7. Avoid alcohol – No, wait, don’t scroll on. Keep reading. I know, I know what I’m suggesting is downright MEAN and you can roll your eyes like your own pre-teen at me all you like BUT if you want really good, really deep sleep so that you can handle a summer of creativity and parenting closing the wine fridge door is seriously a good idea. I’m fessing up here; I love a glass of chilled white wine on a summer’s evening or a G & T or a cold beer or a vodka martini with a twist of lemon… Where was I? Oh yes, it doesn’t feel like summer without an alcoholic beverage of some sort or other BUT I know I sleep better, have more energy, wake up more alert and have the COOLEST dreams (hello Chris Hemsworth dear!) when I lose the booze. Even one drink can wreck my sleep which is seriously annoying. I feel amazing when I go tee total. So I’ve got to find other ways of dealing with the inevitable crazy making of small humans than cracking open a bottle of Sauv Blanc.
  8. Create – When I create I feel good. When I feel good I can manage just about anything. I have taken it upon myself to take up knitting, crochet, painting stones, sewing, anything that involves making something from nothing and it’s given me something to keep the creative spark alive even in the driest times professionally. It doesn’t have to be good, it doesn’t have to be shown to anyone but my children who all thing everything I make is amazing anyway. It keeps me going and keeps me sane. Having a sane mother is every child’s dream – so win, win.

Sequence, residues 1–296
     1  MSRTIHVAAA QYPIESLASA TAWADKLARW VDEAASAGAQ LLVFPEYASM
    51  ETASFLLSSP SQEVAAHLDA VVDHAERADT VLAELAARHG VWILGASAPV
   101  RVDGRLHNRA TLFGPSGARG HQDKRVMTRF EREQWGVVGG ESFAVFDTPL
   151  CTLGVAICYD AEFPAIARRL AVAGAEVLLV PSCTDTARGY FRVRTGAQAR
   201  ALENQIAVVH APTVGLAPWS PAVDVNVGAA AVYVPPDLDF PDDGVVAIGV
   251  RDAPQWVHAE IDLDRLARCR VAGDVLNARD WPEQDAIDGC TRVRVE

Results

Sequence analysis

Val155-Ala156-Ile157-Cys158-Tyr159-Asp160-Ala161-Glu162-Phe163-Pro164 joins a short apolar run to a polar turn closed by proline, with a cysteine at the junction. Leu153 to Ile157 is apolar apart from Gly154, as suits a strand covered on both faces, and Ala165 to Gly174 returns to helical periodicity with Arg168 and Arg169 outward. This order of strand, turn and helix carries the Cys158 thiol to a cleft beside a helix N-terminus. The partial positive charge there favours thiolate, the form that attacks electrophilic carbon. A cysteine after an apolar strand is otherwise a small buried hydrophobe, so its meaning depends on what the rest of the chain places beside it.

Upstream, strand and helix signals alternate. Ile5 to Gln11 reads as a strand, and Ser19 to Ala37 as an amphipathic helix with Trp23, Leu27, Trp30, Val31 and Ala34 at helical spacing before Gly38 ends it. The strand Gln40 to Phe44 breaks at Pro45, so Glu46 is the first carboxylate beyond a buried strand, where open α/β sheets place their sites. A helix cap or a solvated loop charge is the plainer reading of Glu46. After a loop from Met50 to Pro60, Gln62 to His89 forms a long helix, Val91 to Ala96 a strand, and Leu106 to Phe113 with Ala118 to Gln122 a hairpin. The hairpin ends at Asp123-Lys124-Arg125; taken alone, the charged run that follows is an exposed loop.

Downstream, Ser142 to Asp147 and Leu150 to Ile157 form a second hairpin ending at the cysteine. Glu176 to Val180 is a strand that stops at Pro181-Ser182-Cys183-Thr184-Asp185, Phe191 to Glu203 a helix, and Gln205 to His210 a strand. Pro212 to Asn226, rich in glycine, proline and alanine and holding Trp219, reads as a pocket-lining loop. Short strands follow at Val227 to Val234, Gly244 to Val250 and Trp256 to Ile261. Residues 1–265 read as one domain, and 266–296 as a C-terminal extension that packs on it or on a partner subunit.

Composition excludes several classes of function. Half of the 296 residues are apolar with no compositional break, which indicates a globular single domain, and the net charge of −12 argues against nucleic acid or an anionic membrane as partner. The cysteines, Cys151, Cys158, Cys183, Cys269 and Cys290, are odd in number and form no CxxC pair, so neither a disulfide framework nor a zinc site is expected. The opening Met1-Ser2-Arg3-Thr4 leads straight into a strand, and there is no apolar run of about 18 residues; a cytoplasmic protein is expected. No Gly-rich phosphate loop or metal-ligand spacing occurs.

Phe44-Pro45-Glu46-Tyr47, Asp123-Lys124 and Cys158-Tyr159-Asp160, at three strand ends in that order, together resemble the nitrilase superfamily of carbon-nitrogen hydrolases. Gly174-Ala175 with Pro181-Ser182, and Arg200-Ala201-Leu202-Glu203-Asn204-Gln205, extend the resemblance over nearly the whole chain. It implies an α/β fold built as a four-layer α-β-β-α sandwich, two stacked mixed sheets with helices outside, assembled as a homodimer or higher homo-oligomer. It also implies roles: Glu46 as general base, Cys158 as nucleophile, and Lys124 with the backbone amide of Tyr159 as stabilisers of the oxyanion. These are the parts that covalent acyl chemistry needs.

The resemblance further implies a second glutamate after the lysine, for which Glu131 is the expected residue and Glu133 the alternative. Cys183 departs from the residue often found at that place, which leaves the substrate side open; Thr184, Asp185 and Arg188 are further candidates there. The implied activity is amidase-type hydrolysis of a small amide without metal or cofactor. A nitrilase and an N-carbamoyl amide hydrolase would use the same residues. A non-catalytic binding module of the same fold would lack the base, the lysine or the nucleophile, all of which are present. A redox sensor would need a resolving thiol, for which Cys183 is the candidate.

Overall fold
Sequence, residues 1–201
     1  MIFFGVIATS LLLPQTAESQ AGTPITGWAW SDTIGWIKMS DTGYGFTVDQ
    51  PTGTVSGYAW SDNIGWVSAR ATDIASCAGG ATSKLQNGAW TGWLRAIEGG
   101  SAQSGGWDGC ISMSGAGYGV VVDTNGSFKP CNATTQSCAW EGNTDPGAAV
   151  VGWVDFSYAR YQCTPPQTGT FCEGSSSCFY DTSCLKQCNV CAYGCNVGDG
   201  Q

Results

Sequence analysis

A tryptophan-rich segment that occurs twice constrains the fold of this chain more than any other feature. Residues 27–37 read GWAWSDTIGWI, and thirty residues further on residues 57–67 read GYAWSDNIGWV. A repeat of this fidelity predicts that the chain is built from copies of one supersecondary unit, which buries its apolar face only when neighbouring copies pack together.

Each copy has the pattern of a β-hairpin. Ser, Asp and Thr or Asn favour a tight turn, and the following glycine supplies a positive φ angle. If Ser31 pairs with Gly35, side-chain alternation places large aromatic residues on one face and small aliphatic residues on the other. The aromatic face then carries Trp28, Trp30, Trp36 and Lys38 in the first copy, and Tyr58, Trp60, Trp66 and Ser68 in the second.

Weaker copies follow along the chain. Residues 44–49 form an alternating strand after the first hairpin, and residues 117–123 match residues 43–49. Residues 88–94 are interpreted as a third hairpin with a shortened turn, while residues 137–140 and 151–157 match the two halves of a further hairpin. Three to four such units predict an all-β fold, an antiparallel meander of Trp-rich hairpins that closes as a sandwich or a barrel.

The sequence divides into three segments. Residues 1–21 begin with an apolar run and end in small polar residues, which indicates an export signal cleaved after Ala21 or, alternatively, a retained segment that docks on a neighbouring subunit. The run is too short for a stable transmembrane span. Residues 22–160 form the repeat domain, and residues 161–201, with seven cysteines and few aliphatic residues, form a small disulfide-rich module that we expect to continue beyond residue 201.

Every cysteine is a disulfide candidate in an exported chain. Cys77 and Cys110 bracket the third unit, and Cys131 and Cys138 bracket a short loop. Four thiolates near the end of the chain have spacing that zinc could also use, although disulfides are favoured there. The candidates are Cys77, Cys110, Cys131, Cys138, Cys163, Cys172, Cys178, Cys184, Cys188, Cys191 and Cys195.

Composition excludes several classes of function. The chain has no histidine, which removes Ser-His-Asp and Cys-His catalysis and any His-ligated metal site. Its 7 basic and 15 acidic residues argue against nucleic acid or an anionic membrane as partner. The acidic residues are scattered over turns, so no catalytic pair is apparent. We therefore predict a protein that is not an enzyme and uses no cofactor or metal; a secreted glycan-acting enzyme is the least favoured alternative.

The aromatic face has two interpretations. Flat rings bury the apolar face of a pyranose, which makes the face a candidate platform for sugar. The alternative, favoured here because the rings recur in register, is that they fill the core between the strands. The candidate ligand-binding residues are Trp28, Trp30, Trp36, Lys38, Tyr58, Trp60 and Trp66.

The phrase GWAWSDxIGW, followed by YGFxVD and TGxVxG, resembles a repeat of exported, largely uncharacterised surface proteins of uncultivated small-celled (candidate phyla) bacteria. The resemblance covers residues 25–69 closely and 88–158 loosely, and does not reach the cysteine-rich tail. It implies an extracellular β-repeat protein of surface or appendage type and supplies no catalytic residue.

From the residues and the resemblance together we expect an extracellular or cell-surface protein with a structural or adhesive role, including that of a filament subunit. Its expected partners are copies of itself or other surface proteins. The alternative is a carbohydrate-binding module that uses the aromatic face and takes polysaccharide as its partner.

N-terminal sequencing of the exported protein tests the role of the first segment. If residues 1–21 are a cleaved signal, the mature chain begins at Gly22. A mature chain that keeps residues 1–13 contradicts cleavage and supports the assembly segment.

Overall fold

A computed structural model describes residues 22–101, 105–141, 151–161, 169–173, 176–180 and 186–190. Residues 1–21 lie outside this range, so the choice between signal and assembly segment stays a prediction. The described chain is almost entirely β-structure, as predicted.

I am not the world’s most patient mother. I don’t naturally thrive in the home environment. I’m not a domestic goddess. Mary Poppins, how are ya!? I itch and scratch through every stage of my children’s childhood, dying for them to be bigger and more independent while simultaneously missing their chubby arms and gappy smiles. But here I am, with a 10 year old, a 7 year old and a 4 year old and the days are flying past. I can curse the lego littered living room all I like, but one day, I’ll crave the mad creations of my wee artists.

For me, the most important thing to do is to breathe and stay present and not to wish the time away.

Enjoy the summer! No, seriously, do… enjoy it!

For more creative inspiration, why not subscribe to the Strut and Bellow podcast on iTunes or SoundCloud. You can always listen to an episode while you’re making the dinner or pretending to sleep through the sixth rerun of Wall-E with your earphones in. You can watch my Shout Out Fridays on the Strut and Bellow YouTube Channel. Or sign up for my newsletter and I’ll send you my ebook Keeping Creative for free. If you’d like a hardcopy to take with you to the beach, it will soon be available to order from this website. Stay tuned for the latest on Instagram and Facebook.IMG_1026